· Maintain a routine – familiarity is often important to some people with autism. This is something I stress all the time. We are all creatures of habit. This is especially true for autistic children. Keep things as close to normal as possible, but it is good for them every once in a while to change things up. If you don’t then they will never learn how to deal with change in life.
· Social difficulties may include lack of eye contact and unusual body language, talking at inappropriate moments or about inappropriate topics. I can’t explain to Konner that it is rude to talk when others are talking. If he has something to say he wants to tell you now and not wait for your conversation with someone else to be over. The eye contact is typical and should be worked on, but I wouldn’t stress too much over this. You have to remember that this is often described as painful for them.
· Repetitive behaviors might be a coping mechanism and therefore should be respected. Some of these include routine, but all could be rocking, tapping, repetitive talking, etc. These are commonly known as stims and help to relieve anxiety. You will usually notice these when a child is over stimulated.
· The environment is important – some people with autism are particularly sensitive to light, movement, sounds, smell and touch. Try to keep the immediate environment as calm as possible to help alleviate any anxiety. Don’t forget to check the surroundings if a child is getting upset. Notice if there is something that may bother them. Florescent lights can cause problems because even if we don’t see it there is flickering that can be amplified for a child with heightened senses.
· Always consider the person’s behavior in terms of his or her autism, even if it becomes challenging. We had a discussion about this in our recent Parents of Autism meeting. We can’t determine sometimes whether a child does something because of their autism or because it is typical of a child their age. I think most will lean toward the autism side, and according to this that is not a bad thing.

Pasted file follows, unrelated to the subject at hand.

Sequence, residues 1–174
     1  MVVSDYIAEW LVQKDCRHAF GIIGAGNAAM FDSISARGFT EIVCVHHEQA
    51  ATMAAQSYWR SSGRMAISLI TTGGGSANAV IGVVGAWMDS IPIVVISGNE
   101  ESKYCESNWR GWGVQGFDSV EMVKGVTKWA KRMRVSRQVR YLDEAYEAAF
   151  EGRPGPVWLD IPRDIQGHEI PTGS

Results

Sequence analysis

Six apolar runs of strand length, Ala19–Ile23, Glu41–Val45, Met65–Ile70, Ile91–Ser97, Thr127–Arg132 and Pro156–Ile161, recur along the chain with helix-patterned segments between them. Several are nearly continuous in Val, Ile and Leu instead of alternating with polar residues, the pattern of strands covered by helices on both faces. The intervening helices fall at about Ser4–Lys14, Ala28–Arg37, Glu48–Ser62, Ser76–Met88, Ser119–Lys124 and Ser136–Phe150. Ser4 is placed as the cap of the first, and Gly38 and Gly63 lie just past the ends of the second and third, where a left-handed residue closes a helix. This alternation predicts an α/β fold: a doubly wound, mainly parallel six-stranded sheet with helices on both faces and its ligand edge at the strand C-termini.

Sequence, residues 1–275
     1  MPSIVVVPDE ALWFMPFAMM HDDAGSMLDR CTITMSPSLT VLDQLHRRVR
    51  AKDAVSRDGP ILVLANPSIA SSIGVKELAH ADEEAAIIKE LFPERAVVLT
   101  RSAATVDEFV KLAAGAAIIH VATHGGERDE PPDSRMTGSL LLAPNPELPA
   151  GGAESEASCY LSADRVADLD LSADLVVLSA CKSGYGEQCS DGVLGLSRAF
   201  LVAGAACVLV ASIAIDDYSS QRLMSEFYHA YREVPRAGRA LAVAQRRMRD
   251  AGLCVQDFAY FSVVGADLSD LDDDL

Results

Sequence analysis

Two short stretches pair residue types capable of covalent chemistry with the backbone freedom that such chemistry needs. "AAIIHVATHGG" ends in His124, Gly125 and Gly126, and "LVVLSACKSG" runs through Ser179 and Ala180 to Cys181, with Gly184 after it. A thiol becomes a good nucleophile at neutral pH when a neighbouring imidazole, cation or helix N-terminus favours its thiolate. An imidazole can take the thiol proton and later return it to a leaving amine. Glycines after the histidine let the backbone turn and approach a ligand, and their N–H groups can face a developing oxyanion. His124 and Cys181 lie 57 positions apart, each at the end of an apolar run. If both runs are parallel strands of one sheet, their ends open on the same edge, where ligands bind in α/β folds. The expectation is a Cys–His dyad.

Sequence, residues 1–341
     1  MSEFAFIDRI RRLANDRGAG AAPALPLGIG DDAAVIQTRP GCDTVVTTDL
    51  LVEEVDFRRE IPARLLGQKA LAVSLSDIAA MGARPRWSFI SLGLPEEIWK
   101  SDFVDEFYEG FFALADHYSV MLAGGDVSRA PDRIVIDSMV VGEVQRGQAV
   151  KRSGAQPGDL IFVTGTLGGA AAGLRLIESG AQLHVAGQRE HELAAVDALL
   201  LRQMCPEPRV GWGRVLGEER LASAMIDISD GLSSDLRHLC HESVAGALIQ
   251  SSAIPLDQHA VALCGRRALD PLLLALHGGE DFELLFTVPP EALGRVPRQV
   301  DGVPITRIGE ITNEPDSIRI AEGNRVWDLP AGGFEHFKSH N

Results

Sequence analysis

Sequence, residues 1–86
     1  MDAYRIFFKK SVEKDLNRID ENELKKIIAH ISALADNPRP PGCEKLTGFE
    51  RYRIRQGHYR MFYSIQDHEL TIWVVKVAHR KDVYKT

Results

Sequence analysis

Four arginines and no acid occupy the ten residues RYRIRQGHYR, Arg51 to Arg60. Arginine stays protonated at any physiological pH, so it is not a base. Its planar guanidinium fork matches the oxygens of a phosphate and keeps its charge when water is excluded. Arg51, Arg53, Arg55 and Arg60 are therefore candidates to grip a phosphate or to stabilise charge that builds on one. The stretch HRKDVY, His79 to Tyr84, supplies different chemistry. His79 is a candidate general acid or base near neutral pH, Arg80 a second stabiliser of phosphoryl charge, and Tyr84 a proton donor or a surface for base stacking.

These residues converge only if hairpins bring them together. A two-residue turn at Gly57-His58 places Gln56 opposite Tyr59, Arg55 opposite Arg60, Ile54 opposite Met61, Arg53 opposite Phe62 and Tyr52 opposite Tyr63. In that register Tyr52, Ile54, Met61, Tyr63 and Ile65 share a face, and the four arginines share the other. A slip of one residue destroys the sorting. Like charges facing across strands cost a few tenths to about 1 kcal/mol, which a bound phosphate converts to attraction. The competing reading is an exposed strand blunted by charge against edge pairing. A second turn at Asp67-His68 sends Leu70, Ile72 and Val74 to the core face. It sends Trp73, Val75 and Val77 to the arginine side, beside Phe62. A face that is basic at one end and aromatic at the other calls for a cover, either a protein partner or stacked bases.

· Ask the person and/or parent, carer or advocate what support they might need. It’s always best to ask the person. If they are non-verbal then this could be more difficult, but with Konner I always tend to ask him if there is something wrong, or if he needs something, and most of the time he will tell me what it is.
I hope some of this helps.
Disclaimer: I am in no way claiming to be an expert. I’m just a father who is trying to learn as much about Autism as I can to help my child. I hope that you all can learn from me, and I from you. I ask anyone who has questions or comments about something I have written, or autism, please contact me at email@example.com. I will try to answer questions as I have time, and if I find it interesting enough I may touch on it in my column.